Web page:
KEXTTCK IAXA REVIEW THE COURIER-JOURNAL, LOUISVILLE, SUNDAY MOKMMJ, JANUARY 18, 1953. PASSING SIIO W SECTION 3 r SOUTH CENTRAL Two prisoners escape from the Seottsville Jail, hut return 24 hours later without an explanation. P.OWI.INn fiR KEN. Prisoners Escape Two Alien County prisoners escaped from the Seottsville Jail by breaking a lock on a window, forcing aside a protective screen, and .sliding 25 feet to the ground on a pipe. Less than 24 hours later the prisoners returned without explanation. Armed Robbery Charged Edwin A. Wood, Fort Campbell soldier, and Perry R. Joseph, 21, both of Zion, 111., are charged with holding up a service station near Hopkinsville. Both waived armed-robbery charges, as well as car-theft accusations, to the Christian County grand jury. Both are being held without bond on the armed robbery counts. About $187 was taken in the robbery, according to the service station attendant. Deaths Miss Mary Rebecca Gillespie, 47, Franklin lames Clinton Smith, 30, Franklin. . . . Mrs. Roy Gentry, 39, Bowling Green, at Nashville. . . . Mrs. Sarah Foindexter Hayes, Rl, Hopkinsville. . . . Mrs. Dora Wells Withers, 86, Kirkmansville. . . . Mrs. Frank Snodgrass, 91, Smiths Grove, at Bowling Green. . . . Samuel Thomas Pedigo, 78, Bowling Green. . . . Mrs. Lucy Jane Duvall, 93, Bee Spring, Edmonson County. . . . Charles G. Gouvas, 57, Bowling Green. . . . J. W. Massey, 77, Franklin. . . . Staiar Montgomery, 77, Cave City. . . . Mrs. Betty Ellis Parrish, 82, Cave City, at Glasgow. . . . Mrs. Rosie Colter, 78, Glasgow. . . . Jim Bradley, 75, Seottsville. . . . Caleb Houston Barton, 79, Holland, of Allen County. . . . Francis Smith, 59, Bowling Green. . . . Edgar B. Kingery, 58, Glasgow. . . . Tierce Gott, 53. Sunnyside. Route 1, at Bowling Green. . . . Mrs. Laura C. Hamby. 68, Bowling Green. . . . Harry Harwood, 48, Holland. . . . Mrs. Anna Trimble Harris, 85, Franklin. . . . Lapo Webster, 67, South Hill, Butler County Rex Brooks, 37, Park City, at Louisville Mrs. Vivian Leota Ferguson, 31, Bowling Green Miss Eula Edna Downing, 45, Seottsville. . . . Miss Ada L. Boulton, 52, Bowling Green. . . . Lawrence B. Corbitt, 46, Bowling Green Route 2. . . . Mrs. Elsie Fleming, 56, formerly of Butler County, at Indianapolis. . . . Clarence Johnson, Auburn. . . . Mrs. Josephine Neill Peay, 74, Browning community of Warren County. . . . James W. Frazier, 80, Route 2, Glasgow. . . . Loren K. Brown, 29, formerly of Munfordville, in highway accident near Tip Top. 10 4- n 1 l I "XJ" TtM", Paradise Collieries in Muhlrnherg County has recently built this tipple lo he usel in connection with strip Green River OWENSBORO. Two Die In Crash A Greyhound bus driver and a bus passenger were fatally injured when a truck-trailer and the bus collided on U. S. 60 near Sullivan, Ky. Ten persons were injured, all of them bus passengers. The dead were Melvin McComas, 38, Evansville, Ind., the bus driver, and George Kardell, 50, Eugene, Ore., the passenger. Kardell died in an Evansville hospital several hours after the accident. The driver of the truck-trailer, Clayton Burnette, Paris, Tenn., escaped injury. The accident occurred when a motorist, Harold C. Knox, Tupelo, Miss., skidded on the wet road. Burnette, whose truck was pulling a 20-foot, low-bed trailer, attempted to slow down but his vehicle jack-knifed, swerving in front of the bus. New Plants In Prospect Four additional chemical plants and two aluminum plants appear likely to locate in Kentucky this year, the Central City Chamber of Commerce was told by David Cocks, Louisville, president of the Kentucky Chamber of Commerce. The occasion was the annual dinner of the Central City Chamber. Carl A. Reis, honorary president of the Green River Valley Citizens League, was named outstanding Central City man for 1952. He has led a 38-year fight for Green River navigation improvement and valley development. The outstanding-woman honor went to Mrs. Sarah Lake, active civic leader. Former Teacher Dies Miss Minnie Bourland, 78, formerly of Earlington, died in Seattle, Wash., from a heart attack. She formerly taught and was principal o Earlington school. She also had taught at Brunswick, Ga.; Iowa State College, and Shenandoah, Iowa, and Seattle. She retired 10 years ago. The body was returned to Earlington for burial. Bank Cashier Dies R. R. Riley, for many years cashier of the Citizens Bank of Hartford, died unexpectedly. Three Face Charges Two Madi-sonville youths arrested in Gary, Ind., were returned to Madison-ville to face charges of storehouse breaking. The two are Wayne Oakley and Robert Kirkwood. They are accused of entering the Claude Martin Gun Shop. Another arrested on the same charge was Billy Witherspoon. Cattle Group Elects The Western Kentucky Hereford Association, at a dinner meeting at Madi-'sonville, elected John Dixon, 'Howell, president for 1953. He ,, succeeds Dorris Lovell, Henshaw. ; Frank Rapier, Waverly, was elected vice-president, and William Maring, Princeton, was chosen secretary-treasurer. Mrs. Turley Dies Mrs. Eula Tandy Lewis, 75, formerly of Madisonville and Pineville, died at her home at Dawson Springs. Ashland. River Project Sponsored An-other attempt to secure canaliza- , tion for the Big Sandy River was made when Senator John Sherman Cooper introduced a bill , authorizing a public-works project for navigation, flood control, and power development along the Big Sandy River and the Tug and Levisa Forks of that stream in Kentucky, Virginia, and West Vir-ginia. Senator Earle Clements joined him in sponsoring the project. The project is tied in with a concentrated program to develop and industrialize the Big Sandy Valley that began last November with a "Town Hall" meeting of Eastern Kentucky civic leaders and sponsored by the Kentucky Chamber of Commerce. This meeting was followed last week by another called by the Kentucky Agricultural and Industrial Development Board to further plans toward this end. Strike Ends A month-old strike at the Olive Hill plant of General Refractories Company ended when employees voted to accept a company proposal to end the walkout. The grievances concerned working conditions not contained in a company-wide contract agreed to last fall and signed by the management and locals at its other plants. Higher Ratio Sought Hearings will resume February 17 in the Citizens Telephone Company's request for increased rates in Northern Kentucky which would net about $310,000 annually. The ; company serves Campbell, Ken-too, Gallatin, Grant, and Tendle- Louisville. Drinking Combated Drastic changes in laws on the sale of alcoholic beverages were asked by the Jefferson County grand jury in an effort to combat drinking by minors. The changes sought' include: 1. No alcoholic drink, including beer, should be sold in Louisville or Jefferson County on Sunday. 2. County cafes should close at 1 a.m. to match the closing time of city spots. County spots now close at 2 a.m. 3. The delivery of beer to homes by groceries or beer depots should be stopped. 4. As in the city, it should be illegal in the county for adults to obtain alcoholic beverages for minors. Meeting Planned Bullitt and Hardin Countians will meet with Senator John Sherman Cooper sometime next month to talk over their complaints against the expansion of Fort Knox. The meeting probably will be held at Shepherdsville. The Defense Department seeks to add about 30,000 acres to the Fort Knox reservation. The opponents include persons whose homes are in the sought acreage and civic leaders who fear revenue losses. Force To Be Increased Jefferson County Tolice Chief Walter Layman said 10 men will be added to the force, bringing its membership to 130. The 10 will relieve present beat policemen for traffic duty, principally in the Dixie Highway area. TV Station No. 4 Louisville may have a fourth television station in operation in about a year. The Lexington. Marijuana Seized Five men, one a member of Nicholasville City Council, were held to the federal grand jury after narcotics agents announced that more than $50,000 worth of marijuana had been confiscated. The agents 'called the seizure the largest in Kentucky in 15 years. The men, according to the agents, had been furnishing marijuana to retail outlets in Detroit, New Orleans, and Florida. Other cities were probably being supplied by the peddlers in addition to those known, Agent Joe M. Grant said. Three of the men were arrested late Sunday night at Nicholasville. The others were arrested Monday in Lexington. The arrested men, held to he grand jury under bonds ranging from $500 to $5,000 each, were: Warren Miller, 42, serving his third term as Nicholasville councilman, described by Grant as the ringleader; John Overstrect, 22, and Smith Miller, 68, both of Nicholasville, and James L. Taylor, 36, arid Carl J. Brown, 28, both of Lexington. Polio Victim Honored Initiated into Thi Beta Kappa, national honorary scholarship society, was William Leonard Howell, 25-year-old University of Kentucky senior who was stricken with polio last October. The ceremony took place in the isolation ward at St. Joseph Hospital in Lexington, where Howell is confined to an iron lung. Officers of the U. K. chapter said they believed the ceremony marked the first time a Thi Beta Kappa key had been presented to a polio patient. Howell, who NORTHEASTERN ton Counties. The proposed new rates would raise from $5,125 to $6.00 the cost of one-party residential phones and from $14 to $18 that of business phones. City Officials Rapped The Kenton County grand jury recommended that City officials of Covington be indicted if the grand-jury room is not refurbished. Mayor John J. Moloney retaliated by directing City Manager George J. Schaeffer to charge rental for County and State offices "upon failure to find such contracts, agreements, and law which sustain the present position as to the use of this building by governmental agencies other than our own." The matter of the County paying rent for splice it A young widow commissioned a mason to inscribe on her husband's tombstone: "My sorrow is more than I can bear." Before the work was finished she married again, and the mason asked her if she still wanted the inscription. "Yes," she replied, "but just add the word 'alone' at the end." Reflections of Ralph in The News-Democrat, Carrollton. If the coming year turns out to be as beautiful as the calendar pictures show, we are in for a truly magnificent 1.2 months Little Blaze Says: in The Richmond Daily Register. A pony-tail hair-do looks best on a girl with a nice carriage. Raveltngs in The Corbin Daily Tribune. It is reported that there are over a thousand career women in the United States who have taken up law. It could no doubt also be reported that there are perhaps million women who lay it down, ft rilTI Courier Journal phots by Joieph landau mining operations along the Green River. Work on the new mining projects is expected to start ahnut March 1. NORTH CENTRAL THE BLUEQRASS .''?U'-'Jx-f:' :""fi Dr. Albert (. Stone Ends church council term was majoring in political science at U. K. until he was stricken last fall, attained an average standing of 2.6 during his time on the campus. A perfect, or all-A standing is 3.0. Church Foes Cited The existence of organized "bought-and-paid -for opposition to co-operative Christian work" in Southeastern states was brought to the attention of ministers attending the annual conference of the Kentucky Council of Churches in Lexington. Dr. Ernest J. Arnold, Atlanta, director of the Southeastern region for the National Council of Churches, said an industrialist occupies has been an issue between the officials for many years. The official County seat of Kenton County is Independence, but most County business is transacted in the offices in the Covington City Building. Deaths Jach Justice, 63, Pike-ville, coal operator and former district highway commissioner . . . Levi M. Kash, 85, Ashland, retired grocer, at Dayton, Ky. . . . Barney Hayden Adams, 84, Fleming County farmer . . . John W. Preston, 87, Paintsville, former State representative and former sheriff of Martin County . .-. Guy Dixon, 75, Wittensville, farmer . . . Tom Henry McClure, 89, West Liberty. . . Lewis Bowens, 70, Lowmansville, farmer. KENTUCKY ALL Federal Communications Commission last week granted a permit to the owner of WLOU to build a commercial television station. WLOU officials said it would be the first Negro TV station in the nation. It will be U.H.F. (ultrahigh frequency) and has been assigned Channel 41. Another Louisville station, WKLO, plans to have a U.U.F. TV station in operation on Channel 21 by June 1. Louisville's present stations are WHAS-TV and WAVE-TV. Both are high-frequency stations. Crash Kills Two The collision of an automobile and an Illinois Central passenger train at Vine Grove brought death to two Rineyville persons. They were Avery T. Raine, 74, driver of the car, and a passenger in the car, Mrs. Ruby A. Goodman, 43. . Car Kills Man Albert Holly, 65, Yatesville, Ky., died of injuries suffered when he was struck by a car at Louisville. The driver, Elmer Diess, 62, Lexington, was not arrested. Tolice said Holly walked into the path of the car. Improvements Sought The emergency room of Louisville's General Hospital itself is in need of surgery and medical care. A committee of doctors and hospital officials reported it should have more staff members, more space and equipment, and a small observation ward. Admissions to the emergency room over the post four years have increased 24,248. But during that time the only increase in staffing has been the addition of one doctor on 24-hour call. in the South had spent "at least $500,000 in the last 15 years purchasing opposition to all types of Christian work in this and other sections of the nation." He did not identify the industrialist by name. The ministers elected the Rev. Glenn Stephens, pastor of the South Frankfort Presbyterian Church, president of the council for the coming year. He succeeds the Rev. Albert G. Stone, Louisville. Bus Executive Dies Death claimed Thomas Woodson De-Zonia, 61, vice-president in charge of traffic for Southeastern Greyhound Lines, at his home in Lexington. He had been ill three months. DeZonia had been an official of the bus lines since 1933. Survivors include his wife, a daughter, Mrs. William M. Ma-han, Lexington, and two brothers, Clarence DeZonia, Spokane, Wash., and Gerald DeZonia, San Diego, Cal. Funeral and burial were at Lexington. Deaths Joseph P. Moore, 45, Lexington real-estate dealer, of a heart attack while seated in his parked automobile. . . . Samuel W. Dorsey, 90, retired Fleming County farmer. . . . Mrs. E. P. Benton, 64, Nicholasville, at Richmond. . . . Walter P. Waugh, 78, retired farmer, Paris. . . . Miss Lucy Argo, 80, Fleming County. . . . Letcher Christopher, 61, retired salesman, Lancaster. . . . Mrs. Zelma Dennis, 61, Richmond. . . . Mrs. Leona Ritchie Wagoner, 83, Carlisle, at Maysville. . . . Mrs. Mae demons, 87, at Stanton. . . . Mrs. Hattie Keith Spicer, 63, Lexington. INDIANA Indianapolis. Craig Inaugurated George North Craig, 43-year-old Republican from Brazil, was inaugurated as Governor amid colorful ceremonies at the Statehouse in Indianapolis. He was administered the oath by his long-time friend, Ralph Gregg, Indianapolis attorney. Harold Handley, LaPorte, was sworn in as lieutenant'gover-nor by Appellate Court Justice Donald E. Bowen. ' Craig has proposed a sweeping reorganization of State government, and stormy troubles are awaiting him in the Governor's chair. He already is locked in bitter battles with G.O.P. organization chairmen in four of the state's 11 Congressional districts. OVER to their husbands, that is. .4round Town & Countryside in The Russell County News. The trouble with some people is, they have a gall bladder for a heart. This Town That World in The Floyd County Times, Prestonsburg. Few would argue that Kentucky roads are not slipshape. Embrj Dust in The Breckinridge Banner, Hardinsburg. t Some men's idea of being strong is to steady the step-ladder while the wife paints the kitchen. The Ohio County Messenger, Beaver Dam. The girdle helps a gal to reconcile the difference between facts and figures. The Cave City Progress. An ad in a California paper says "Yard and yawn work wanted. No tools." Sounds like some of the odd-job help we have employed. Tht Hart County News, Munfordville. Purchase Tadccah. K. U. Sues Again Kentucky Utilities Company brought suit in McCracken Circuit Court seeking to invalidate a Paducah ordinance calling for an election on the question of municipal purchase of the company's Taducah power system. It was another chapter in the city's 12-year fight to operate its own electric system with T.V.A. power. In the suit, K. U. sought an injunction barring the city from placing the question before the voters at the November 3 election, this year. K. U. contends the law doesn't permit such an election until after a purchase price agreement has been reached by both parties. No such agreement has been effected. $600,000 Sought Three former Illinois Central Railroad freight conductors seeking $600,000 damages from the company for alleged injuries suffered in wrecks were enjoined by McCracken Circuit Court from bringing suit in a Chicago court. The trio, L. B. Broughton, J. H. Nelson and Clar-.ence Wagner, from Hopkins and Muhlenberg Counties, said they would ask the Court of Appeals for a quick review of the case. Chief point at issue Mas whether a court could prevent a citizen in its jurisdiction from prosecut-' ing a case in an "inconvenient" court in another state. Purchase' Briefs Paducah's Mayor Robert Cherry asked $2,800 damages in McCracken Circuit Court for injuries he said he suffered when struck by an automobile in downtown Paducah. . . . Malcolm R. Boaz, Mayfield attorney, was named Graves County attorney succeeding 0. H. Brooks, who resigned. . . . Lt. Leonard Settles, Taducah fireman, crawled into a fire-enveloped room in a Paducah residence and saved the life of 2-year-old Theda Sue Roach, daughter of Mr. and Mrs. Ted Roach. . . . Fulton residents ' formed a City Beautiful Committee to clean up the "city's face." Deaths Mrs. Sophie Neuman, 94, mother of Fred G. Neuman, Paducah newspaper columnist and historian. . . . Mrs. Mary Lee Ashley, 86, Paducah. . . . F. L. Roberts, Paducah. . . . Mrs. Geor-git McClure, 83, McCracken County. . . . Mrs. Rosie Turner, 74, Paducah, at Cambridge, Ohio. . . . Mrs. Callie Gay, 83, Benton. . . . Mrs. Nancy Patton, 88, Kut-tawa. . . . Mrs. Isabelle Cornwell, 77, Faducah. . . . Mrs. Hattie Batts, 53, LaCenter. . . . Mrs. Morris Sholar, 66, McCracken County. . . . The Rev. Halford D. Byerly, 34, Baptist minister of Benton, at Louisville. . . . James F. Harris, 33, Marion. . . . Jewell J. Hodge, 73, Marion. . . . Mrs. Cordie McFarland, 41, Ballard County, at San Bernardino, Cal. . . . Mrs. Mattie Ann Farmer, 67, Oscar, at Cairo, 111. . . . Mrs. Mattie Stark, 83, Wingo. . . . Mrs. Mattie Hall, 81, Lyon County, at Russellville. ... J. Elwood Gresham, 76, Lyon County, at Truman, Ark. . . . Lafe Hildreth, 65, Lyon County. . . . Walter Barnes, 88, Lyon County. . . . Mrs. Mary Bolton, 76, Benton, at Detroit, Mich. . . , Mrs. Alice Smally, 79, Benton. . . . Calvin B. Campbell, 74, Clinton, at Memphis. These chairmen are being bypassed in the distribution of patronage by Craig. The Governor expects strong support for the government-reorganization program, however, from the G.O.P.-controlled General Assembly. , Schricker Through? Ia an interview at South Bend, the retired Democratic Governor Henry F. Schricker, after a few days as a private citizen, said he feels no urge to get into politics again. Til be 70 in August,", he said, "and a man of my age has no business seeking office again." Schricker was defeated when he sought to unseat United States Senator William E. Jenner of Bedford in last November's election. Lost Youth Found At South Bend, a 9-year-old boy who had lived most of his life as the son of a factory technician received a new set of parents in an emotional courtroom scene. An elderly judge, speaking in a husky voice, awarded the boy to an Ohio couple and ruled the youngster was their son who had been kidnaped in 1944. Thus the lad, known as Charley Joe Tipp, became Ronnie Thompson, son of Mr. and Mrs. Arthur Thompson of Dayton. Minutes later when Robert A. Tipp who had reared him through early boyhood sought to leave the courtroom, Charley Joe called, "Goodby, Dad." Charley Joe or Ronnie was believed to have been kidnaped by Tipp's former' wife, Lois, who is how confined in a Florida mental institution. Somerset. Stray Shot Fatal Edgar Mul-lins, 41-year-old Laurel County trapper, told State police that he believed a shot he fired at a bird in Jody's Bottoms struck Mrs. Roy Johnson, 30, London school teacher, and fatally wounded her. Mrs. Johnson's body was found in the driveway at her home near the swampland, lt was at first believed she had suffered a heart attack, but later the .22 caliber bullet wound was found. The bullet penetrated her heart. Mul-lins told State police that after he fired at the bird he heard a woman scream. The police quoted Mullins as saying he knew the bullet had hit someone and he became frightened and hid the rifle. The weapon was found after he had told police of firing the shot. Train Kills Youth A 15-year-old Pineville youth, Larry Lynn Ward, was killed when a jeep in which he was a passenger stalled .w(kp amfh Waximxpijmip SSQgfiXi (DO 0 (Z)Mzx?M I CEDED CLTD '453 ICTJSa 3&3 3EDf- SGil Omni) On HE) tmm ears m smwh Wm smv drctar. 'Uflivm "tizzzzztzzzitz mm 1 1 1 1 QtoQtom f f i if) I UuJJf'J 0 La SOUTHEASTERN on a railroad track and was struck by a Louisville k Nashville freight train. Fred Roark, Jr., 22, driver of the car, was hospitalized with numerous injuries. , According to Roark, he had crossed the track and was starting up a rise in the road beside the track when the car's motor stalled. The jeep rolled back onto the track and was struck broadside by the train, which Roark claims he had not seen. Ward is survived by his parents, Mr. and Mrs. Edgar Ward, and one sister. Deaths James E. Baker, 25, Typo. . . . Ada Jenrietta Bugg, 79, Somerset. . . . Everett Goff, 35, Woodstock. . . . Deona Holcomb Barker, 76, Somerset. . . . Charlie Lawson, 65, Savoy. . . . Polly Mon-hollen, 67, Gatliff. . . . Lucille Scott Johnson, 30, London. . . . Hobcrt Lay, Williamsburg. . . . .Iame F.dwnrd Rradshaw. Union Chapel. . . . Anna Lee Chandlen Adkins, 83, Campbellsvule. . DD Q GO RHDG WOimO mm m ma mm fBsrejrjim ta. ftmjj (torn v s 1 1 n Bryant T. Siler, 74, Pleasant View, Kate Barton, 83, Watts Creek. . . . Grant Childress, 54, Williamsburg. . . . Matt Horton McWhorter, 56, Liberty Dolores Sparks Smith, 23, Breeding. . . . Mrs. V. Id Baker, 69, Burkesville. . . ,' Mary Jane Banks, 75, Columbia. . . . Abbie D. Reynolds Hammock, 79, London. . . . Nancy Abner, 76, Garrard. . . . Mae Abner, 45, Manchester. BIRTHSTONE RINGS1 Beautifully tot rinif, excellent gift, for all occasion!. Tin (liver and gold settings. from $6.50 VP Watchmaker, from Swifitrfanaf m '8 1 &TiYTi Or tomr- (Itrmi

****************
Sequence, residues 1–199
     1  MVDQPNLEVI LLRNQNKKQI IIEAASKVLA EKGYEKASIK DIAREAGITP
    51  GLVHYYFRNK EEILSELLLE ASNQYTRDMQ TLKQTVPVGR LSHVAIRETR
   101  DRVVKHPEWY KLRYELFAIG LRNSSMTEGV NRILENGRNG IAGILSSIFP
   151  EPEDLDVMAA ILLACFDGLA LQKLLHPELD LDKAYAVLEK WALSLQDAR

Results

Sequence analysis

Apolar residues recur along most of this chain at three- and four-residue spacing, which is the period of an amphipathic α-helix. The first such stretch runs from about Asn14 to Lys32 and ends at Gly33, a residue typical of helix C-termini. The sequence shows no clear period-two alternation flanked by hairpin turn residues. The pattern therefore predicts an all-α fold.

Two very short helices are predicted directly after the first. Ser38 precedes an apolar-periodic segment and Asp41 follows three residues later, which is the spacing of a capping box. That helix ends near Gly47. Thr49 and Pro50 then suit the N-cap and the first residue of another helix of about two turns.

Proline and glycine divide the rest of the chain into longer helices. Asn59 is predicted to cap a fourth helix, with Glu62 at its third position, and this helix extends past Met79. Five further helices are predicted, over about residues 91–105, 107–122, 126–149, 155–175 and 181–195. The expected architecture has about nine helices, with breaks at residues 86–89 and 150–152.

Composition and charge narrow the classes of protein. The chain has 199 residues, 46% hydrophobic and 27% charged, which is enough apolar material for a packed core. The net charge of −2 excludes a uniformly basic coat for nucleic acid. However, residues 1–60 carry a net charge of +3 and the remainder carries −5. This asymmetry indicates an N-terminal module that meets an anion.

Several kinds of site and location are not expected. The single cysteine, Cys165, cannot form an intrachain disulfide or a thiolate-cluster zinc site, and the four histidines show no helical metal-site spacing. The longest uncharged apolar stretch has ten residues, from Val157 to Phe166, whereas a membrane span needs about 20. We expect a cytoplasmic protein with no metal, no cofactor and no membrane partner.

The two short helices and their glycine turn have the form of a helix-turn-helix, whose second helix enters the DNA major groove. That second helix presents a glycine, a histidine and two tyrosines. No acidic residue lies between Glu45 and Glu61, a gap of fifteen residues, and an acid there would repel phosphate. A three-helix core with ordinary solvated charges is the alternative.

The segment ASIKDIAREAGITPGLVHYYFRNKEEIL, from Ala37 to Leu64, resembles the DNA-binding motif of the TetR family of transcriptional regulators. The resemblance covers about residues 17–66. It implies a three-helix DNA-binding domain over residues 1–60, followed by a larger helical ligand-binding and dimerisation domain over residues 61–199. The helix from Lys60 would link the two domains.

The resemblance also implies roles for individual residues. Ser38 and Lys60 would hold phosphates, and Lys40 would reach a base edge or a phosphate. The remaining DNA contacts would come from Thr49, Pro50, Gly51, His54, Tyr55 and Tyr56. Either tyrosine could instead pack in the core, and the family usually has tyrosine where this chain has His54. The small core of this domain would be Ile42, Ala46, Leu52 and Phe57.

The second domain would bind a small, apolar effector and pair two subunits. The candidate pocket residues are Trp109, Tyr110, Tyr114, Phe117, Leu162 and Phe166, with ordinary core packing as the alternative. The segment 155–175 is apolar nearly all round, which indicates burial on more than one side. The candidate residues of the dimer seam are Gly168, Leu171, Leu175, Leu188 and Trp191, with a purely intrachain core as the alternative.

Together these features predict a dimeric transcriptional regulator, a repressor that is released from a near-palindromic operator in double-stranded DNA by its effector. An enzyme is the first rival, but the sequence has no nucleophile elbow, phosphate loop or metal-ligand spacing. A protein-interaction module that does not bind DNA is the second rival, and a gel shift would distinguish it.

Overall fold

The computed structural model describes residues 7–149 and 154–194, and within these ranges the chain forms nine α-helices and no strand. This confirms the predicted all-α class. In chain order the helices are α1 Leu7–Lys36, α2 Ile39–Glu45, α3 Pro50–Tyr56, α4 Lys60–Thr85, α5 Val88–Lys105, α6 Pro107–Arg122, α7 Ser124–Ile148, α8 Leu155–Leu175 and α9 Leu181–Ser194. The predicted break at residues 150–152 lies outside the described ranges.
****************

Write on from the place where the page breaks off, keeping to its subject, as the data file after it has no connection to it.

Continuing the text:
What members have found on this page

Get access to Newspapers.com

  • The largest online newspaper archive
  • 18,900+ newspapers from the 1700s–2000s
  • Millions of additional pages added every month

Publisher Extra Newspapers

  • Exclusive licensed content from premium publishers like the The Courier-Journal
  • Archives through last month
  • Continually updated

Try it free